Super Mario 3D World + Bowser's Fury (NS) - ReviewEvan Norris , posted on 07 March 2021 / 3,327 Views
Is it possible for a Super Mario game to be underrated? If yes, then Super Mario 3D World is that game. Perhaps due to its affiliation with the unpopular, misunderstood WiiU or perhaps due to its lineage — it's a sequel to a handheld title that exists in a separate evolutionary timeline from both 2D and 3D Mario games — 3D World simply doesn't carry the prestige of the top-tier franchise installments. With the game now unshackled from the WiiU GamePad and playable on Switch with a few refinements and upgrades, perhaps its place in the pantheon of all-time great Mario games will be assured. It certainly doesn't hurt that it comes bundled with a brilliant, experimental open-world campaign called Bowser's Fury, which on its own is one of the best things you'll play all year.
For anyone who skipped Super Mario 3D World on WiiU, here's a primer. It's a sequel to the 2011 3DS title Super Mario 3D Land, a provocative mix of 3D movement and 2D level design. 3D World, which launched in 2013, took the tenets of the handheld title and ran with them, introducing grander worlds, more creative stages, big band music, terrific presentation, multiple playable characters, and support for four-player local co-op. It might share 75% of its name with Super Mario 3D Land, but 3D World represents a quantum leap over its predecessor.
Now, a little over seven years later, the game arrives on Switch, as great as ever. Stages are inventive, varied, and filled with secrets and interesting platforming conceits. Power-ups are fantastic, particularly the cat suit, which allows for more vertical level designs, and the double cherry, which creates new puzzle-solving opportunities. The jazzy soundtrack is outstanding and the visuals, despite the inherited limitations of the WiiU, are beautiful. All that said, some warts remain. The majority of boss battles are relatively easy and the semi-fixed isometric camera just isn't as precise as other options.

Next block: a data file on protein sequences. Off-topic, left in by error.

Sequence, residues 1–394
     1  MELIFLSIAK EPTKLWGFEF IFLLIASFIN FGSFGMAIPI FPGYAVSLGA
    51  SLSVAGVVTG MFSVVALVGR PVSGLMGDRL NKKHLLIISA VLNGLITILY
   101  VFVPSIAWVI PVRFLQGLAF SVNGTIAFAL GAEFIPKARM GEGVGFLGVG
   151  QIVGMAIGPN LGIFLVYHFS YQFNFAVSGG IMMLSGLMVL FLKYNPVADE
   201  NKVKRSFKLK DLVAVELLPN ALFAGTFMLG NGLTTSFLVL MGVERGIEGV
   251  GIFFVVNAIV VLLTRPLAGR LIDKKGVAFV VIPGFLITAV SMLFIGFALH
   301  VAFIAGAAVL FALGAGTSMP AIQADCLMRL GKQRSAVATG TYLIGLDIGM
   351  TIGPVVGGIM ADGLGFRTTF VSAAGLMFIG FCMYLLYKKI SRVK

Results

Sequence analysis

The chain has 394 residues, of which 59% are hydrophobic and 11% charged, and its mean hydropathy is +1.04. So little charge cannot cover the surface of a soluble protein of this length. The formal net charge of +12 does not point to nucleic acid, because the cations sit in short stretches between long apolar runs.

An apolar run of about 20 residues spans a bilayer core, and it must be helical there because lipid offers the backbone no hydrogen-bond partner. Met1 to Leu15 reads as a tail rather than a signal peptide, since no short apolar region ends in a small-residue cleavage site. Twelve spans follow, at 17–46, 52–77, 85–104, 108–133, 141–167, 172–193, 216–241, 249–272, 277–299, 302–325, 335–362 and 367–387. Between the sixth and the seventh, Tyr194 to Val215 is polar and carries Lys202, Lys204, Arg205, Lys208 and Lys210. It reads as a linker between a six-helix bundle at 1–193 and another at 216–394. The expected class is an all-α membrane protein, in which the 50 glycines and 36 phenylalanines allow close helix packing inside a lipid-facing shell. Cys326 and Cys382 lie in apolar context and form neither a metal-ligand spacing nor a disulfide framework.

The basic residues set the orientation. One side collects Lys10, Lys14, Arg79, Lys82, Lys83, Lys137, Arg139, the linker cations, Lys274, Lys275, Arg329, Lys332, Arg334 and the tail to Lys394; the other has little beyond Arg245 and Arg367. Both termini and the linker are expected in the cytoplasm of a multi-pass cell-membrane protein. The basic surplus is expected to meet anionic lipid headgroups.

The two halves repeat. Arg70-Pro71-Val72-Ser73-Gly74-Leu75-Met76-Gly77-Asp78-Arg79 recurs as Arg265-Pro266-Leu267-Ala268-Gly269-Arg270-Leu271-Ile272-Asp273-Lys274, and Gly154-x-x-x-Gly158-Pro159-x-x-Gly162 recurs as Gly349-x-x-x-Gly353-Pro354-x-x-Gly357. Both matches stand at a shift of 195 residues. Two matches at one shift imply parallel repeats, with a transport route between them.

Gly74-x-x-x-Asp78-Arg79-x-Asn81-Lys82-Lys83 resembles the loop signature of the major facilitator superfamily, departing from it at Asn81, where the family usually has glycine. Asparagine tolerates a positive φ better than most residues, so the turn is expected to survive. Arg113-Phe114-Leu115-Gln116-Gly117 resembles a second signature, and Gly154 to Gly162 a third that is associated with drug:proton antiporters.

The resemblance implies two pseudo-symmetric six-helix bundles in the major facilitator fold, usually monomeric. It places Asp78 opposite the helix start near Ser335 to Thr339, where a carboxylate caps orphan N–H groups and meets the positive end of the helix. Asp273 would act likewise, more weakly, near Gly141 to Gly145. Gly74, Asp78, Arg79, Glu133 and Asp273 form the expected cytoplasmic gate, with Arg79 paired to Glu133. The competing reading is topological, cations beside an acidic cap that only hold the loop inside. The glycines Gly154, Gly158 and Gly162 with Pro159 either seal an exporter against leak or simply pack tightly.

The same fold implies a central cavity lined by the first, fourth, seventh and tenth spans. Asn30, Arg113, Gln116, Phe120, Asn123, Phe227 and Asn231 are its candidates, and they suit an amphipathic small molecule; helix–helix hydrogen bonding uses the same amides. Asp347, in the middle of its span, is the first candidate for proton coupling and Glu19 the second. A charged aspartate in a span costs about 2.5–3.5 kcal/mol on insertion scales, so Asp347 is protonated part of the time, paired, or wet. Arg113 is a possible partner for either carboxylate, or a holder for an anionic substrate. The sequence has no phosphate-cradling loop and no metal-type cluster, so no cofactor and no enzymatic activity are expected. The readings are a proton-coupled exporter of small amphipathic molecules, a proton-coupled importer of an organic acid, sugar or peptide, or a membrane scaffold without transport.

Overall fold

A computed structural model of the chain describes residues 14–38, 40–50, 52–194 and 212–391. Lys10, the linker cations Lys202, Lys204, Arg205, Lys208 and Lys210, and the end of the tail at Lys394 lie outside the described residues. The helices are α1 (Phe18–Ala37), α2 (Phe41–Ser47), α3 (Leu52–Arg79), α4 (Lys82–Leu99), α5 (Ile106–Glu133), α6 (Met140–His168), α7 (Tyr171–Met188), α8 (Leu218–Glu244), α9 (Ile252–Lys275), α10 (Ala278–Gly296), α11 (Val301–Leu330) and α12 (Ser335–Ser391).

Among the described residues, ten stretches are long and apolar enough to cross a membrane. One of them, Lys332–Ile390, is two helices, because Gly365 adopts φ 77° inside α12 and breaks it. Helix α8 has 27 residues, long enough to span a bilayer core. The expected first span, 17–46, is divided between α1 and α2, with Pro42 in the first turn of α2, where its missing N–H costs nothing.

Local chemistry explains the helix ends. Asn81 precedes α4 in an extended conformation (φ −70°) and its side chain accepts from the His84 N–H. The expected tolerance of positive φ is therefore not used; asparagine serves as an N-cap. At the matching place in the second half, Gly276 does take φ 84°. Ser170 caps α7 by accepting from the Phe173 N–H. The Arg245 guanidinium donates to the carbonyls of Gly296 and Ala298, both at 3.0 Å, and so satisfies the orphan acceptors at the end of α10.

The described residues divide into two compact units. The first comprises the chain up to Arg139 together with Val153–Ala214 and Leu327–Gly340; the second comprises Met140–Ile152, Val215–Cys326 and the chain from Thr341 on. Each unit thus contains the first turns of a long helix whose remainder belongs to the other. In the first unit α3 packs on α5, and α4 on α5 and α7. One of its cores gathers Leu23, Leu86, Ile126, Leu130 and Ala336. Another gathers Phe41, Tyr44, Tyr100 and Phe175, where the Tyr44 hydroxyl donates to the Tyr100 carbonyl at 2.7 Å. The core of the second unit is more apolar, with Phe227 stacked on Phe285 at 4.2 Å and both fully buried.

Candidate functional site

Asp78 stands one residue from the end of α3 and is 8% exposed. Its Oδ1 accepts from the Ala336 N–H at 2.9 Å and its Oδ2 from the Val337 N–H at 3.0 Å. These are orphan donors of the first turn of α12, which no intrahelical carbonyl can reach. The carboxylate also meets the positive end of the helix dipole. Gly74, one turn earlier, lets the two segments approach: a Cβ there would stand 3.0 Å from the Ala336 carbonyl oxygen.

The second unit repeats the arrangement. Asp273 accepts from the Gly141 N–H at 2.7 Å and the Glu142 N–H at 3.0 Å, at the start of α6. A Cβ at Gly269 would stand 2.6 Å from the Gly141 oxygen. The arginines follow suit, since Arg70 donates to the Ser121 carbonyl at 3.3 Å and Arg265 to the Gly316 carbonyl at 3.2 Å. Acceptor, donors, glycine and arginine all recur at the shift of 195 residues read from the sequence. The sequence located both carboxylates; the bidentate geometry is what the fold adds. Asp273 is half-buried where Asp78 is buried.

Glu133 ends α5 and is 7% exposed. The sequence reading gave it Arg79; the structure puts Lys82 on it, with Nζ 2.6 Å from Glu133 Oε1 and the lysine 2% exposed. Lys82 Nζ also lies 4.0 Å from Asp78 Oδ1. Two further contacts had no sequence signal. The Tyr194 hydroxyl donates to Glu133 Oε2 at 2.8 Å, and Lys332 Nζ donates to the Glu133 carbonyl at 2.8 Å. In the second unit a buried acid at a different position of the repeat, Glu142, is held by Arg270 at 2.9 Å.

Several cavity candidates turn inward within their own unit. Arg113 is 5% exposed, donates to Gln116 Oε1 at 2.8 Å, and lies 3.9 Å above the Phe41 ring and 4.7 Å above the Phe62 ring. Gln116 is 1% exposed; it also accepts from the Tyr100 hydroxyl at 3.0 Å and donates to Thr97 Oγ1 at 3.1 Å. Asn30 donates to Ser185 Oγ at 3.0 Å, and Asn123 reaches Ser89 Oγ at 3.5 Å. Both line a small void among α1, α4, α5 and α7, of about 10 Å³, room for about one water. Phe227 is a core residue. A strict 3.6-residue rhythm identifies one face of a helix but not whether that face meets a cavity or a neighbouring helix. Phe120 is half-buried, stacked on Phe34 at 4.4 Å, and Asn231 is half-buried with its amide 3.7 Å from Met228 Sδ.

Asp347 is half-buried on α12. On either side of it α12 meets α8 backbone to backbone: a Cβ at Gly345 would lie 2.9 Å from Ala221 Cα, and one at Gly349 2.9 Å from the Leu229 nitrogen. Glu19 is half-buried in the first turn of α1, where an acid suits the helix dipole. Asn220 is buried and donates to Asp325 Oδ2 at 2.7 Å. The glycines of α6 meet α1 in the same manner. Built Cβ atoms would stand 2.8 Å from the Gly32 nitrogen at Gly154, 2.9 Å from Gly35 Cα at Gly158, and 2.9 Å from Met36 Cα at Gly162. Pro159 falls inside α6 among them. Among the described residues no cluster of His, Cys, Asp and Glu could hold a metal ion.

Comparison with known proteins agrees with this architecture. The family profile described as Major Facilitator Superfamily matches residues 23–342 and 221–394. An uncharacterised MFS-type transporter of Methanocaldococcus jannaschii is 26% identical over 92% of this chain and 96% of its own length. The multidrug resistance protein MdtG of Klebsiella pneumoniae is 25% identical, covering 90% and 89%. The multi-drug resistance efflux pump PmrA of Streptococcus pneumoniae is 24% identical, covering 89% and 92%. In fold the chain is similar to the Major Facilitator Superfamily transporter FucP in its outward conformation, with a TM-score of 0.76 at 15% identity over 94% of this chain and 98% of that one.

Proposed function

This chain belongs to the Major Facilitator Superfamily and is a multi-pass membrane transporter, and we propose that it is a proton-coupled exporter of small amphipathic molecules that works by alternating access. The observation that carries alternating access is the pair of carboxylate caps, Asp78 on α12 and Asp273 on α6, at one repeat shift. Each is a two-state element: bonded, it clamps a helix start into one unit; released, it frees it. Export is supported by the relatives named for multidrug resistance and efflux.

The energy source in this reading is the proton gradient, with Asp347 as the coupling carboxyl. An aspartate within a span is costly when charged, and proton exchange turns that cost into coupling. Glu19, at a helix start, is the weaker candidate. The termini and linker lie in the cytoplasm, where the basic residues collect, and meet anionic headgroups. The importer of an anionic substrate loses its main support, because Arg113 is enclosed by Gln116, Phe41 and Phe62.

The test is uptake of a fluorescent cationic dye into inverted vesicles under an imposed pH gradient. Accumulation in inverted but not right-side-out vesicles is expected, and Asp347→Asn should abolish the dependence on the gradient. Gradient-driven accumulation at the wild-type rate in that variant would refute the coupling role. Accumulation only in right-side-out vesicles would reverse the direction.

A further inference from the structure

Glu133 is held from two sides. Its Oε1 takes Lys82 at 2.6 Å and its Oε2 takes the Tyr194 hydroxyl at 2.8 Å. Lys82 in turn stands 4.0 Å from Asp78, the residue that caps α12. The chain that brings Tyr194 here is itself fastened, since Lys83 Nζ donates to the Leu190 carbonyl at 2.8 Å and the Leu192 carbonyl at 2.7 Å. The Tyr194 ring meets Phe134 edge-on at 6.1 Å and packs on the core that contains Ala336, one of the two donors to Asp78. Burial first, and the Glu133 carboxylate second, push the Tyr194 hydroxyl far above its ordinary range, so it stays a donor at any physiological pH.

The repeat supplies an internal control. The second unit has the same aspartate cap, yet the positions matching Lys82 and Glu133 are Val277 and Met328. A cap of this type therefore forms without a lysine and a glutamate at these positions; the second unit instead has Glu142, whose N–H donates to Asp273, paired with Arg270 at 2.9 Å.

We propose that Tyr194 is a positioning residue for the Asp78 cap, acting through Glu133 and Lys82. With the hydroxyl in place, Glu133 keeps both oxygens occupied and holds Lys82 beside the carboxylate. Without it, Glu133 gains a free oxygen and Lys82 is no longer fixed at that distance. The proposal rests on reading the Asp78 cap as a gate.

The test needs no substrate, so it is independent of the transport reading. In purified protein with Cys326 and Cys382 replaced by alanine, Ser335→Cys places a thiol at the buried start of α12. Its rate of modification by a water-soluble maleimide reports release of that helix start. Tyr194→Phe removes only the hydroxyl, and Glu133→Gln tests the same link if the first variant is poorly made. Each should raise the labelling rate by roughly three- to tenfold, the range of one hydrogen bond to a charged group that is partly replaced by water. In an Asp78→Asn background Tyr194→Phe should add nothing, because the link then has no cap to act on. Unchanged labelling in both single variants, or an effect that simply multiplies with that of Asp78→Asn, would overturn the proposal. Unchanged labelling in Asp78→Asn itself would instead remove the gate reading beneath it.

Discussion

Finally, the game continues to boast amazing replay value, thanks to optional stage objectives, four playable characters (and an unlockable fifth), post-game content, and four-player multiplayer. Speaking of multiplayer, the Switch version of the game is more flexible than ever before. In addition to local co-op for up to four players, you can host or join online lobbies. Note that progress is saved only to the host's save file.